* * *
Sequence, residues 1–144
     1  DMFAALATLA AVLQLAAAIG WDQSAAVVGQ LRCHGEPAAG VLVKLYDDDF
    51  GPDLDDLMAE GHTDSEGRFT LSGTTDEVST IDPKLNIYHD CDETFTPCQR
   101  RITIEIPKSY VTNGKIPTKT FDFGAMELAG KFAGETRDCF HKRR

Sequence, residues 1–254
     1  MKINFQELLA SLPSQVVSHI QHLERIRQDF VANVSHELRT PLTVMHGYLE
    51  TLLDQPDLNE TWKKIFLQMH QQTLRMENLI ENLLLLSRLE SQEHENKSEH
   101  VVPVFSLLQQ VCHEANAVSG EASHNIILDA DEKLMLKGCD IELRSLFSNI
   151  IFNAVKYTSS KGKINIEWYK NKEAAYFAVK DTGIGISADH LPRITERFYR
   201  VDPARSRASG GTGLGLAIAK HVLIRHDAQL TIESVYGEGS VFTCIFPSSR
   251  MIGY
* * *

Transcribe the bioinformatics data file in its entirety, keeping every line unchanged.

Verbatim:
Sequence, residues 1–144
     1  DMFAALATLA AVLQLAAAIG WDQSAAVVGQ LRCHGEPAAG VLVKLYDDDF
    51  GPDLDDLMAE GHTDSEGRFT LSGTTDEVST IDPKLNIYHD CDETFTPCQR
   101  RITIEIPKSY VTNGKIPTKT FDFGAMELAG KFAGETRDCF HKRR

Sequence, residues 1–254
     1  MKINFQELLA SLPSQVVSHI QHLERIRQDF VANVSHELRT PLTVMHGYLE
    51  TLLDQPDLNE TWKKIFLQMH QQTLRMENLI ENLLLLSRLE SQEHENKSEH
   101  VVPVFSLLQQ VCHEANAVSG EASHNIILDA DEKLMLKGCD IELRSLFSNI
   151  IFNAVKYTSS KGKINIEWYK NKEAAYFAVK DTGIGISADH LPRITERFYR
   201  VDPARSRASG GTGLGLAIAK HVLIRHDAQL TIESVYGEGS VFTCIFPSSR
   251  MIGY